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AUSSIEedfamily

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Reply with quote  #26 
Dear Nelly,

I completly understand where you are now & how you are feeling. You have been dealing with this for so very long and other than the great IP have been let down by the service providers that should have provided what you need especially given that you live in the country that invented family orientated treatments.

Its hard for me from Aussie land I just wish I was just around the corner to help you out & I wish I was as good as Charlotte in getting support in the UK.

I have e-mailed you my number call me if you want to or text me a number to call you on.


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toothfairy

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Reply with quote  #27 
Hi Nelly,
Are you ok?
I completely get how traumatised you are.
Nelly she still sounds very ill.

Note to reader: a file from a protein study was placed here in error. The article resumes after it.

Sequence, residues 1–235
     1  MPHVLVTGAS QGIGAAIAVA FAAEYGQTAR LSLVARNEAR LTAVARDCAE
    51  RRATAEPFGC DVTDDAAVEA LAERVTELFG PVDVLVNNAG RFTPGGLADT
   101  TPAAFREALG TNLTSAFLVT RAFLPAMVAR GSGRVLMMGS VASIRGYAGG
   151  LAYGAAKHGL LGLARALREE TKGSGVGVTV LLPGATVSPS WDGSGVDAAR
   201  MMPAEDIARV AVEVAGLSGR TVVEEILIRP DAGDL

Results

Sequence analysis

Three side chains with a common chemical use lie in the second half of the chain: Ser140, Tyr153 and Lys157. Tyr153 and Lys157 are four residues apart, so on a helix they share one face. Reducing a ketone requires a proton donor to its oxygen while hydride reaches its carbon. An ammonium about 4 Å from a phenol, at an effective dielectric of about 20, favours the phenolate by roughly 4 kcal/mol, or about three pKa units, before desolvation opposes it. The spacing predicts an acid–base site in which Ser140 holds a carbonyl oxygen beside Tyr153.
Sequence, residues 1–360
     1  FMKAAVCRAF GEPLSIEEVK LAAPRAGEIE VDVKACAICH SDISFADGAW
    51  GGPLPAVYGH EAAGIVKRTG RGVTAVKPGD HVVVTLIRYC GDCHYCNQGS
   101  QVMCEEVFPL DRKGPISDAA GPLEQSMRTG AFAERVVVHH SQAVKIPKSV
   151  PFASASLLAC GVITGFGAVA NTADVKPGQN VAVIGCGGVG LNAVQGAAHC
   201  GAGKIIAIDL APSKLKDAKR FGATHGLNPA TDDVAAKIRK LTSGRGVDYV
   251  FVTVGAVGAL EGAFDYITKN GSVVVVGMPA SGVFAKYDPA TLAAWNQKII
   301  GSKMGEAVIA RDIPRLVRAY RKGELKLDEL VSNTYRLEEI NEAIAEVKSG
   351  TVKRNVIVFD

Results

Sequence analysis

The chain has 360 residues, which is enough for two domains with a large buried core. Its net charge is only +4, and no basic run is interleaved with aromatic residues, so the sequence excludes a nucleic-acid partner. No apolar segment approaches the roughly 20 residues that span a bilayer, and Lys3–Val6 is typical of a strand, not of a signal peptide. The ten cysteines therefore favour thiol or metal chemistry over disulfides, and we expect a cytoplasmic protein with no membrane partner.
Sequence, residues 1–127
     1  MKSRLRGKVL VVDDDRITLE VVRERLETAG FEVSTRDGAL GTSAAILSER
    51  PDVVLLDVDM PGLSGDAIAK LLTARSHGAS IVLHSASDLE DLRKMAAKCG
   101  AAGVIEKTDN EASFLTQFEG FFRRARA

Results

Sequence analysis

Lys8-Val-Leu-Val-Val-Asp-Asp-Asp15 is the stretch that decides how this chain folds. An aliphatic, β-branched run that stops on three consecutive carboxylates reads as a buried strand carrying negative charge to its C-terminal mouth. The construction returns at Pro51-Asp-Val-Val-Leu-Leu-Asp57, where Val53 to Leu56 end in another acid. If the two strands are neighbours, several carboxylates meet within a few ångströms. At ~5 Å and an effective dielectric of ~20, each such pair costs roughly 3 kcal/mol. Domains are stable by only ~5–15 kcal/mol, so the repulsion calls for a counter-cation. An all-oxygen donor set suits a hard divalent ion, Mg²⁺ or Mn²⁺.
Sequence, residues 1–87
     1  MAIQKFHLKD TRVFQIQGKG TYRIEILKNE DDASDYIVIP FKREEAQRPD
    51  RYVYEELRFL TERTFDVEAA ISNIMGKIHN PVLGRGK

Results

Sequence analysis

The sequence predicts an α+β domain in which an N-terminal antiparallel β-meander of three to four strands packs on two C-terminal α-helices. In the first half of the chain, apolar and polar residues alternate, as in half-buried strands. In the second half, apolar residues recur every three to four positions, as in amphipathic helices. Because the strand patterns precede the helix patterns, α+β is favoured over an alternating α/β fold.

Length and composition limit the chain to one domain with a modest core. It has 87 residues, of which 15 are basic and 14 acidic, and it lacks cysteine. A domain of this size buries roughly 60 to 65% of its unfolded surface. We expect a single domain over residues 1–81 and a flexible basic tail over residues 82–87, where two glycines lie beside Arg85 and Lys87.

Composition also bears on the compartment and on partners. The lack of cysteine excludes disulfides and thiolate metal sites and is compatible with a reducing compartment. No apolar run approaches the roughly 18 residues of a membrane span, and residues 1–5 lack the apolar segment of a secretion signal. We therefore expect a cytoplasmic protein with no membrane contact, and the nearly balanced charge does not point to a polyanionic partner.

I think it is a great idea for Aussie to speak to Janet Treasure.
I am not sure what else to say except, if you wish - you have every right to call an ambulance, or police if you need back up.

Nelly - is there anything at all that you can do now to start the ball rolling now to start the process of having her sectioned after last nights episode?
Nelly, do you have somebody that can stage an intervention.
Did meds ever work?


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Son,DX with AN, (purging type) age 13 in October 2015 ,  (4 months immediate inpatient) , Then FBT at home since.and making progress every day. He is now in good recovery, and Living life to the full like a normal teen. We are not completely out of the woods yet, but we can see the light at the end of the tunnel, thanks to ATDT. Hoping to get him into full recovery and remission one day at a time.